Canon goes long and underwater for new compacts

Canon Powershot SX700
That's a 30x zoom lens your looking at.

Canon has introduced upgrades to several of the compacts in its PowerShot and IXUS ranges.

First up is the PowerShot SX700 HS, which replaces the Canon SX280 HS as the company's travel compact.

Its standout feature is a 30x optical zoom lens and it's the company's slimmest ever compact to feature such a zoom range. The lens has a focal length range equivalent to 25-750mm in 35mm terms.

The SX700 HS is fitted with Canon's latest processor, the Digic 6, and has a 16.1 million pixel CMOS sensor. Wi-Fi and NFC connectivity is also included, which allows for remote shooting and sharing from a smart phone or tablet.

A range of creative and automatic modes are available for beginners, while those looking for something a little more advanced will appreciate the full manual and semi-automatic modes available on the camera.

What else is new?

Canon is also introducing a new tough camera. The D30 replaces the Canon D20 and its standout feature is waterproofing all the way down to 25 metres, making it the market leader.

It's also shockproof and able to survive drops from up to two metres, freeze proof down to -10 degrees and rustproof.

The PowerShot S200 is also announced today. This camera sits in the S-series range and features an f/2.0 lens along with a 10.1 million pixel CCD sensor. It is intended to be a more affordable version of the premium Canon S120 camera.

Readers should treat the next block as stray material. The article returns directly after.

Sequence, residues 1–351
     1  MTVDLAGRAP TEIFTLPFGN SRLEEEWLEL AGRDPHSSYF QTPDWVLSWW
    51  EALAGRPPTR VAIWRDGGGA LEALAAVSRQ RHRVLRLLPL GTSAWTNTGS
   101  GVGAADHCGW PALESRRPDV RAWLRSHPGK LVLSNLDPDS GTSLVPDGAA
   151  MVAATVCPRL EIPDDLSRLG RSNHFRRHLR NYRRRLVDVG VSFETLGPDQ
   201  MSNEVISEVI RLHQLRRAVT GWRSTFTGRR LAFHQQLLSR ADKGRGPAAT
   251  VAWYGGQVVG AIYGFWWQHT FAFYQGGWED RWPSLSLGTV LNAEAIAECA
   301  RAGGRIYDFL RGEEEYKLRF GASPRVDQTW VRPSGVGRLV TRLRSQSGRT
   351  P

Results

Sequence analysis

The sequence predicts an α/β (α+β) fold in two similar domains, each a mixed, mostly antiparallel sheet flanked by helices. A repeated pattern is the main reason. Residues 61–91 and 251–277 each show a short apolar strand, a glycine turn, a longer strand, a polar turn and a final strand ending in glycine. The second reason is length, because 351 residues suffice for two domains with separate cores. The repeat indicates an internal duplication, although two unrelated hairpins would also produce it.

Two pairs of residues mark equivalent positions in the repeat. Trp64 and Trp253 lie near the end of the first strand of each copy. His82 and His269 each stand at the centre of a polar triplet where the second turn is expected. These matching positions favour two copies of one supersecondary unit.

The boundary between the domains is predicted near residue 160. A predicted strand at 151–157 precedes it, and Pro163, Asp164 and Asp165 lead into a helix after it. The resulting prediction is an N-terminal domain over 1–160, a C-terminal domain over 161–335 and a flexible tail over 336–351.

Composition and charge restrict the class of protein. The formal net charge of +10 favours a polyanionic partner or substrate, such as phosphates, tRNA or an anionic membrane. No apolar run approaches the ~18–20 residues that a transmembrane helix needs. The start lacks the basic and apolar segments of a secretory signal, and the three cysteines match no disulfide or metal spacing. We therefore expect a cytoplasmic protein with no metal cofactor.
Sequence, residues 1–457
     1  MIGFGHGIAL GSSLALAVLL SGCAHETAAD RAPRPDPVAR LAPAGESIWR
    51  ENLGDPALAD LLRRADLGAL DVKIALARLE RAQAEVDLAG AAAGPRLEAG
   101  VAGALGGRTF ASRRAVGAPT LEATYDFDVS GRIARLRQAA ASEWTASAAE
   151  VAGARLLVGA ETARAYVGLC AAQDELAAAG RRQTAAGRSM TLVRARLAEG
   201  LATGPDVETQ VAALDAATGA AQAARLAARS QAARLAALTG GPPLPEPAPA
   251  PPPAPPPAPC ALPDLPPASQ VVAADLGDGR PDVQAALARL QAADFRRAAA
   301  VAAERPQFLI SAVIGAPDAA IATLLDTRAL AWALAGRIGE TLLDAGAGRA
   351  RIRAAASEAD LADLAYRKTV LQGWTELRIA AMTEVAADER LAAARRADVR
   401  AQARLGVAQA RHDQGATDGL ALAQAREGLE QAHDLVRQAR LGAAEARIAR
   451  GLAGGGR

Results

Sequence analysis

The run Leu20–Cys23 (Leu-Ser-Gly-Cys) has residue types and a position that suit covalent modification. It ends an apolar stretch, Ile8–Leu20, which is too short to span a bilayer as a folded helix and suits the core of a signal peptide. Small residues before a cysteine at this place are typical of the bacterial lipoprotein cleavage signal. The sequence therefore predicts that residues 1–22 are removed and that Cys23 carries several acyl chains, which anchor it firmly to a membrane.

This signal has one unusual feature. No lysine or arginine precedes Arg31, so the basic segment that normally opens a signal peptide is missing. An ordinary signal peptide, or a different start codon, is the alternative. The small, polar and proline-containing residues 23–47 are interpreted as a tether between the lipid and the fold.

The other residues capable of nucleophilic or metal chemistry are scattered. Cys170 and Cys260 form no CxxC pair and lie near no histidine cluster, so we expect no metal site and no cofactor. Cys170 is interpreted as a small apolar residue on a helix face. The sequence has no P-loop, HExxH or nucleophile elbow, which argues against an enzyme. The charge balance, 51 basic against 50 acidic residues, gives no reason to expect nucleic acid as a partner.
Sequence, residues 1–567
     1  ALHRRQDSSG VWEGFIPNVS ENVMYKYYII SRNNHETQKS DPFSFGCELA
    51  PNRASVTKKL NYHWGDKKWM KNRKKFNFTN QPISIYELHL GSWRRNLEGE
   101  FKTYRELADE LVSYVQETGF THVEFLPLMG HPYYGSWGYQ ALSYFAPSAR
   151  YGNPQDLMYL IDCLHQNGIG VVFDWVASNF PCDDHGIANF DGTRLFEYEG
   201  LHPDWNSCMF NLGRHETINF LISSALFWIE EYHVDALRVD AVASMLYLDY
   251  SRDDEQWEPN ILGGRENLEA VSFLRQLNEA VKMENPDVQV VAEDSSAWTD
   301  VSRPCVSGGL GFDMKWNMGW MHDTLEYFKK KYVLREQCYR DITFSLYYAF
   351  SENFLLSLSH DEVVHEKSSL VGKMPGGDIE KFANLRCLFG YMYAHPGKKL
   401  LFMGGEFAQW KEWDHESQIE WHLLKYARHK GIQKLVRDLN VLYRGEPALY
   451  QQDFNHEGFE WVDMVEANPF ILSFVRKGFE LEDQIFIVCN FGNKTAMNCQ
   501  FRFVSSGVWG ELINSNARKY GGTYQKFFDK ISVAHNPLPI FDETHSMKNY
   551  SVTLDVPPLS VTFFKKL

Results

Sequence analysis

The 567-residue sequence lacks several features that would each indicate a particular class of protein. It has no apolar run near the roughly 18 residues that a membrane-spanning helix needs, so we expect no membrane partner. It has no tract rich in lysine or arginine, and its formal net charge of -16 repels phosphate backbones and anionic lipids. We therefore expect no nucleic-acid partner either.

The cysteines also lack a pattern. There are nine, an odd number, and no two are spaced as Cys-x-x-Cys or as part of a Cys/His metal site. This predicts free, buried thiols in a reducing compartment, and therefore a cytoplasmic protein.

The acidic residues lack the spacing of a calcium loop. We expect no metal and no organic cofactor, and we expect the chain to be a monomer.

A range of new IXUS cameras are also being added to the range. The IXUS 155, IXUS 150 and IXUS 145 will all be introduced.

The IXUS 155 features a 10x optical zoom and 20 million pixel sensor, while the IXUS 150 and 145 are designed as entry-level models and feature a 16 million pixel sensor and an 8x optical zoom.

Amy Davies

Amy has been writing about cameras, photography and associated tech since 2009. Amy was once part of the photography testing team for Future Publishing working across TechRadar, Digital Camera, PhotoPlus, N Photo and Photography Week. For her photography, she has won awards and has been exhibited. She often partakes in unusual projects - including one intense year where she used a different camera every single day. Amy is currently the Features Editor at Amateur Photographer magazine, and in her increasingly little spare time works across a number of high-profile publications including Wired, Stuff, Digital Camera World, Expert Reviews, and just a little off-tangent, PetsRadar.